And there is plenty that a parent can do at home to speed up recovery. Dietary therapy is of particular importance for all kinds of paediatric illnesses, due to the undeveloped nature of the child’s digestive system. Teas are very useful for treating the common cold, and particularly so for a cough and a sore throat. The types of teas are again dependant on which pattern of illness your child presents with. ‘Heat’ patterns need to be treated with ‘cool’ teas, foods, and herbs, while ‘cold’ patterns need the opposite. If the Lungs are dry (distinguished by a dry cough), they need moistening; whilst the presence of phlegm suggests the use of substances that will ‘dry up’ the mucus.
Another useful method is massaging the child’s chest with some Tiger Balm when they go to bed. Tiger Balm is said to help promote the movement of Qi and disperse the Qi-stagnation in the Lungs. The smell of the camphor can also help clear the nasal passages, allowing the child to breathe easier through their nose, thus reducing the need to breathe through their mouth, where pathogens lodge in the throat (the first signs of a cold are usually the distinctive sore throat and blocked nose). Baby-boomers may remember having camphor pinned to their undergarments to prevent getting sick; dabbing a spot of Tiger Balm behind the ears and on the throat is used for the same reason.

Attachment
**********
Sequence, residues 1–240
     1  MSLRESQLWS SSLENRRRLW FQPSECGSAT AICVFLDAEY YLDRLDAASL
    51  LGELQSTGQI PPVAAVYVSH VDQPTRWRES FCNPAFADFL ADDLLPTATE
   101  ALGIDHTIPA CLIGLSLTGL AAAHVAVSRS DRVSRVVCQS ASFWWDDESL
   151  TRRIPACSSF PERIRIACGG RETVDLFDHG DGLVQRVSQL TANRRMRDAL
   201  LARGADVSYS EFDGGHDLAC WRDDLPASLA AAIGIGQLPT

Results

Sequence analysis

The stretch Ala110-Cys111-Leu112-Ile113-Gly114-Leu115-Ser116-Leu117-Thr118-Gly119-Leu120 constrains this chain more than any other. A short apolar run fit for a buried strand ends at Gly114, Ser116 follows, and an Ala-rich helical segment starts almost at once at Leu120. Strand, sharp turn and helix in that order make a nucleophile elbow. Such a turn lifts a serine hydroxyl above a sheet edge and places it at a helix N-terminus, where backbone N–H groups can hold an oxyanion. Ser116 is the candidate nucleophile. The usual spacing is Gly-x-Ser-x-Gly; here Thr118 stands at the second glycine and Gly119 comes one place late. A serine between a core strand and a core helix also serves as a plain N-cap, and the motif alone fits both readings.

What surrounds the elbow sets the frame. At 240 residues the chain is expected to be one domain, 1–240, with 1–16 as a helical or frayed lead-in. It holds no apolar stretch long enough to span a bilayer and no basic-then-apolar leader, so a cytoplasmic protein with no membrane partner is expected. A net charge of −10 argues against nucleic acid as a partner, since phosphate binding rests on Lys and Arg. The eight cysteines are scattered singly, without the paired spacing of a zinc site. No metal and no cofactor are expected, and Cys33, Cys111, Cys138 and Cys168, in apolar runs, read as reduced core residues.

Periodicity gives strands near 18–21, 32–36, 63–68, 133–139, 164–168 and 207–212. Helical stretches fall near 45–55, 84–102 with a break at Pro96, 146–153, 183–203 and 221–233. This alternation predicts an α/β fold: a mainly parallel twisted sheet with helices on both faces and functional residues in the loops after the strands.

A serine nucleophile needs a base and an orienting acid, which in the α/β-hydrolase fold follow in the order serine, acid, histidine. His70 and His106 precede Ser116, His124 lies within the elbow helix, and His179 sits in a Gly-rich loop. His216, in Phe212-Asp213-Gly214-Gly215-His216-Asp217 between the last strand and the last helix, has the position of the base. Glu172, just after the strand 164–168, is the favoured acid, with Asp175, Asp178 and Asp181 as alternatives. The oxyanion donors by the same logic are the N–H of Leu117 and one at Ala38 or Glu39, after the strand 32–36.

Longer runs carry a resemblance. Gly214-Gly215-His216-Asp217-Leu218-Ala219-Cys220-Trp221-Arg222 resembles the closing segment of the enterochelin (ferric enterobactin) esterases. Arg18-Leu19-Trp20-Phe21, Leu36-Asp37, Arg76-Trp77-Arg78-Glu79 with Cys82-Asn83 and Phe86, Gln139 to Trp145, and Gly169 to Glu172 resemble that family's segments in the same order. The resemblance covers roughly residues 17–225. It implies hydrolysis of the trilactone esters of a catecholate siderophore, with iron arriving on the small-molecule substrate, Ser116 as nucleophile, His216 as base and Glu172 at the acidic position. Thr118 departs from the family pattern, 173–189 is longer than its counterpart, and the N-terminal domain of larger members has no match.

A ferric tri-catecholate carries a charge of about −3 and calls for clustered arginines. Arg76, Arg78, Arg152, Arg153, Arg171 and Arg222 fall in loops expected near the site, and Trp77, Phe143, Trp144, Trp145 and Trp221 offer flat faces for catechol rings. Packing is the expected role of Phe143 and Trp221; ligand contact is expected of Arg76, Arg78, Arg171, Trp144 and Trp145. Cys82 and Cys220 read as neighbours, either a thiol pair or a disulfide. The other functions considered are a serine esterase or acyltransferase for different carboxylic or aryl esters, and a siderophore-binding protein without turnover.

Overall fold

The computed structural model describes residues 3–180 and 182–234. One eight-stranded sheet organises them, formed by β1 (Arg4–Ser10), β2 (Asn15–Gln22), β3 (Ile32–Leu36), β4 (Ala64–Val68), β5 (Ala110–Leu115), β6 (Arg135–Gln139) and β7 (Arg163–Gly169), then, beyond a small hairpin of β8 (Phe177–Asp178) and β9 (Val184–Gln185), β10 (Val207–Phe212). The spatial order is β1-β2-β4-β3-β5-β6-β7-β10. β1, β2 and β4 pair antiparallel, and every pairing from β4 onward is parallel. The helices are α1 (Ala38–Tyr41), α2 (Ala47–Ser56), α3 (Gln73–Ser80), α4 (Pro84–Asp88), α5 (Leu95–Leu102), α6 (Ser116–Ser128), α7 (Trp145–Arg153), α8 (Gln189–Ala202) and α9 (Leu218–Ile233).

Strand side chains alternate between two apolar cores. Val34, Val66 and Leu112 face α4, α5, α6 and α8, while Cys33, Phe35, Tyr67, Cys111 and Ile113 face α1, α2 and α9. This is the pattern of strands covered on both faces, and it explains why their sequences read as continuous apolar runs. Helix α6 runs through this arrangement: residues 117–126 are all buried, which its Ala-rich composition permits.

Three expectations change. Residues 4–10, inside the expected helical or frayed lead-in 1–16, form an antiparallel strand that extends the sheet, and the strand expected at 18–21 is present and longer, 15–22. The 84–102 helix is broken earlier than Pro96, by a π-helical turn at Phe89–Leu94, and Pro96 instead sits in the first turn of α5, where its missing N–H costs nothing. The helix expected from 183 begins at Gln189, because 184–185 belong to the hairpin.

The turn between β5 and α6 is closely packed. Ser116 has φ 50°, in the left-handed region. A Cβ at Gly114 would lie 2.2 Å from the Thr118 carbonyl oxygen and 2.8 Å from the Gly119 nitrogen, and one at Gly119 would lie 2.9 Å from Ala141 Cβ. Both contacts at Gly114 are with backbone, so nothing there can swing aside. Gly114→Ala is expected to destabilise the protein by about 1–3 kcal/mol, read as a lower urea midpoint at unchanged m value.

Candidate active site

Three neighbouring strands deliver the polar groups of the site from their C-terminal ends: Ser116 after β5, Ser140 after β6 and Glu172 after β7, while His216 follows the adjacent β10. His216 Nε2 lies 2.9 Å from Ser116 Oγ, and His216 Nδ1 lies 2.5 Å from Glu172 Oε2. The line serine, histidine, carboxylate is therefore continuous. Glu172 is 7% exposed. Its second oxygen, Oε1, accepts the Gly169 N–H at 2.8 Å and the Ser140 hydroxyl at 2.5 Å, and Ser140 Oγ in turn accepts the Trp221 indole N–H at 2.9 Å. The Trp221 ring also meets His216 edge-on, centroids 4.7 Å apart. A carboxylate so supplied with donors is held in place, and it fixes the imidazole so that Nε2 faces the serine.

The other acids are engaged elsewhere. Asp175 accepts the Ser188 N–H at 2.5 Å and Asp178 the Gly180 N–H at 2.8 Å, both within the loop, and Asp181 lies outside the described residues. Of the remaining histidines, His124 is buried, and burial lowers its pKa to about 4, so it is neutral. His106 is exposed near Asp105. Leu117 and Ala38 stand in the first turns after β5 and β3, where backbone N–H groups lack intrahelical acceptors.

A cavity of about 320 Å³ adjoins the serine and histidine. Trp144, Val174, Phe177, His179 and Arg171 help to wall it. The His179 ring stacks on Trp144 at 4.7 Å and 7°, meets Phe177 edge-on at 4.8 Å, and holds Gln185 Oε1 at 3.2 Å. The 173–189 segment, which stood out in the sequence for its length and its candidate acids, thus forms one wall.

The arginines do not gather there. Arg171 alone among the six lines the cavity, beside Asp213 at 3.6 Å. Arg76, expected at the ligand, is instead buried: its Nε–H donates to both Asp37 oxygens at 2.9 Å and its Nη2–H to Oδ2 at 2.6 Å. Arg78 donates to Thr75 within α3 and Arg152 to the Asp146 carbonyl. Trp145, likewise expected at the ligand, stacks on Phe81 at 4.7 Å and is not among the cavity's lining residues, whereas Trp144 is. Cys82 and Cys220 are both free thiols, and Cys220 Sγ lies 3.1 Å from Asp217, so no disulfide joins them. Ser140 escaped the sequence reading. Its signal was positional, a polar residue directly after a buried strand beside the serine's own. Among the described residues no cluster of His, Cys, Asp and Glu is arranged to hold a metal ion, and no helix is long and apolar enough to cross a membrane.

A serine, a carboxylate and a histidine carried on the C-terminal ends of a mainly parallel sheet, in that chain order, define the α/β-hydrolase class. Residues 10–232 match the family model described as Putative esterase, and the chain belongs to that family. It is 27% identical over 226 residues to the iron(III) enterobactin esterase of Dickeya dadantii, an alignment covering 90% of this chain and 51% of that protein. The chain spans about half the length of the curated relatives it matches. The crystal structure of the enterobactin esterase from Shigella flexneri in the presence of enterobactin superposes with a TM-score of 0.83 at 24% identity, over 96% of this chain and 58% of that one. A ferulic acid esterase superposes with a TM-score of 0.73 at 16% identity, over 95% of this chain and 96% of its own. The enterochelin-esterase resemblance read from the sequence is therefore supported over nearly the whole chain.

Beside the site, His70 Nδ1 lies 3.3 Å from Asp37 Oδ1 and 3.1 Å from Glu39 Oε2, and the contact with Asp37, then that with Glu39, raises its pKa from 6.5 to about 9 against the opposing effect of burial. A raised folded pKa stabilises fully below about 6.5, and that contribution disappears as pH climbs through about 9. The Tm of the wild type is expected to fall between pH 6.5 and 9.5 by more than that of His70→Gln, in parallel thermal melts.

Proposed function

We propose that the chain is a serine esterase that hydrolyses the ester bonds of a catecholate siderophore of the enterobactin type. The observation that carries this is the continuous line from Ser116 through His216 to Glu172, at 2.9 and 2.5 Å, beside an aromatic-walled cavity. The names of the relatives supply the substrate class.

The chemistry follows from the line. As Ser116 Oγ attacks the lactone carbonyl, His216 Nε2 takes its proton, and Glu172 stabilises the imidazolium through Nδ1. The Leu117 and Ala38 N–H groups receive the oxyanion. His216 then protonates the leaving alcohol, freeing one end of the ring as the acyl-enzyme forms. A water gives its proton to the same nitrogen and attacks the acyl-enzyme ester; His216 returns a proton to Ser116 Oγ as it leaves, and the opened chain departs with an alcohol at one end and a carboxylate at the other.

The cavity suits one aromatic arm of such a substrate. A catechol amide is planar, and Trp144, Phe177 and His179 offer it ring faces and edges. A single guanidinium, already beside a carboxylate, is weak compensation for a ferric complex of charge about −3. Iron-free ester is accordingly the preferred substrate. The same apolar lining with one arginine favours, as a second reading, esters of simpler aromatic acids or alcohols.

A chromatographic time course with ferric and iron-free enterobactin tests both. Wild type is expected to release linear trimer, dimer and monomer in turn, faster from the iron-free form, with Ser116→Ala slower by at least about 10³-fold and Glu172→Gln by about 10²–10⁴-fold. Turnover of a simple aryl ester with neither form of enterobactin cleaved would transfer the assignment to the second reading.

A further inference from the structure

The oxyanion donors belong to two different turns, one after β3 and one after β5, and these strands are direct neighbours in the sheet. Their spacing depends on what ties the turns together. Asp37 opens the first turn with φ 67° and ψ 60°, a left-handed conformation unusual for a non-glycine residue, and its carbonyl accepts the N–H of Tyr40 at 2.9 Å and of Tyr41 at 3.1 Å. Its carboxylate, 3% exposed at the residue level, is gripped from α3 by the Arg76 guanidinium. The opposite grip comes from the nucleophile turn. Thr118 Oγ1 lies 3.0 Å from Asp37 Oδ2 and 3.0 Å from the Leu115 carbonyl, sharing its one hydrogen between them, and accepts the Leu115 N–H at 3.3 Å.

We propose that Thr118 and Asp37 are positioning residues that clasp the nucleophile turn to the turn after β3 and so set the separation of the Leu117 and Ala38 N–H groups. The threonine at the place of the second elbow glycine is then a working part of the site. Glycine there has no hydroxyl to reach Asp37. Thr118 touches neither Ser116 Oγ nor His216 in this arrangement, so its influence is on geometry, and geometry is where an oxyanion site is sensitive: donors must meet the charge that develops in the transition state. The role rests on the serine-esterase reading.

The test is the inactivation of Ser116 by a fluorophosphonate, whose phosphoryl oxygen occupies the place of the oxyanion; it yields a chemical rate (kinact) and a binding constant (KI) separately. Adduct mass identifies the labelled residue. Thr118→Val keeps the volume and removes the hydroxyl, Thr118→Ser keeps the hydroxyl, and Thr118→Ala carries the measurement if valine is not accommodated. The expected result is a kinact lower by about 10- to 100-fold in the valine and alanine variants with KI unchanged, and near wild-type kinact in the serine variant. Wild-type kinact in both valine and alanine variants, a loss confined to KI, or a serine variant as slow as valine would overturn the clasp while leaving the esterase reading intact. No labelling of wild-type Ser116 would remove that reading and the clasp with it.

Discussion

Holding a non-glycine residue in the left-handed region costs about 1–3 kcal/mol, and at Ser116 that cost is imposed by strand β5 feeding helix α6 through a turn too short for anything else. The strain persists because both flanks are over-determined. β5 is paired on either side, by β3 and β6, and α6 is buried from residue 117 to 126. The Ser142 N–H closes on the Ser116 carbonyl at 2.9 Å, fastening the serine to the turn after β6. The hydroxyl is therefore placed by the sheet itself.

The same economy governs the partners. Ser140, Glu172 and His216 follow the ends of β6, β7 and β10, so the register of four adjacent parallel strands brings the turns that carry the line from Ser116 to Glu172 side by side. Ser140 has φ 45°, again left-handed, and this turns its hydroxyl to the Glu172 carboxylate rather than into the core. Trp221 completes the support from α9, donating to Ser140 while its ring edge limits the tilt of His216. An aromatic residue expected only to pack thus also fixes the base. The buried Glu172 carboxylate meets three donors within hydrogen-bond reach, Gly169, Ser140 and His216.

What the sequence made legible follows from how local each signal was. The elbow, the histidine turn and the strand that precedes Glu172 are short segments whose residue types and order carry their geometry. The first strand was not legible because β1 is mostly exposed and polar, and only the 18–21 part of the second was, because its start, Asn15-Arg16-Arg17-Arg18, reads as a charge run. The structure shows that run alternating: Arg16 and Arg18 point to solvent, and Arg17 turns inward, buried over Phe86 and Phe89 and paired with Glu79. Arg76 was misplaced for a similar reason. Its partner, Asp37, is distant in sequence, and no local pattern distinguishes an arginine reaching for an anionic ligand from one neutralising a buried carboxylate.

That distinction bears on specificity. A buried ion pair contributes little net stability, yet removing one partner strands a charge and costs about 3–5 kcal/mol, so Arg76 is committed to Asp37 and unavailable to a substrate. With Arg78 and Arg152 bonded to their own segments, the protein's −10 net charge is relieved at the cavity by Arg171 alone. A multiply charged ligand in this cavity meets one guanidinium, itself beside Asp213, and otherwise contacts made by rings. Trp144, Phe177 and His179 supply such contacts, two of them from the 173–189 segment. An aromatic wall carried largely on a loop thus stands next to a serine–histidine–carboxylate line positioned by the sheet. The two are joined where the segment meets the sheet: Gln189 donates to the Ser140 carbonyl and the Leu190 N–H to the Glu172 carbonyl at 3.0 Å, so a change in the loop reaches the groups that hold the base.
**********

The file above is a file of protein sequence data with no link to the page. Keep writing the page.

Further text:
Here is our family recipe for Chicken Soup - it’s what we were always given when we were sick growing up. It provides nourishment (Qi) to help keep the body strong and fight infection. And it tastes wonderful, and kids love it! Enjoy....
“Avgolemono” - Chicken soup with egg & lemon
1x whole chicken - free-range or organic
1x stick celery
pepper & salt
1x cup rice
2-3x free-range/organic eggs
20-30g sliced Huang Qi (Astragalus radix) - available from all good Asian grocers. This is optional.
In a large pot of water, bring to the boil the chicken, carrot, celery, onion, and salt/pepper. Boil for 1 hour. If using the Astragalus root, stuff it into the cavity of the chicken.
After this time, remove the vegies & the chicken (carefully) and place in an oven tray. The chicken can be roasted, to provide a second meal, thus getting value for money!
Add the rice to the broth, and boil until rice is ready.
Whilst the rice is cooking, beat the eggs and the juice of the lemon together in a large bowl. When the rice is cooked, turn off heat, and begin to slowly ladle the liquid (not the rice) into your egg/lemon mixture, and continue to beat to create a fluffy mixture. The purpose of this is to slowly bring the egg/lemon mixture to the same temperature as the soup, so the egg will not curdle. Keep ladling soup into the bowl until it feels the same temperature as the soup pot. Then transfer this back into the soup pot. Add salt/lemon juice to taste (if necessary). Serve with some ground pepper.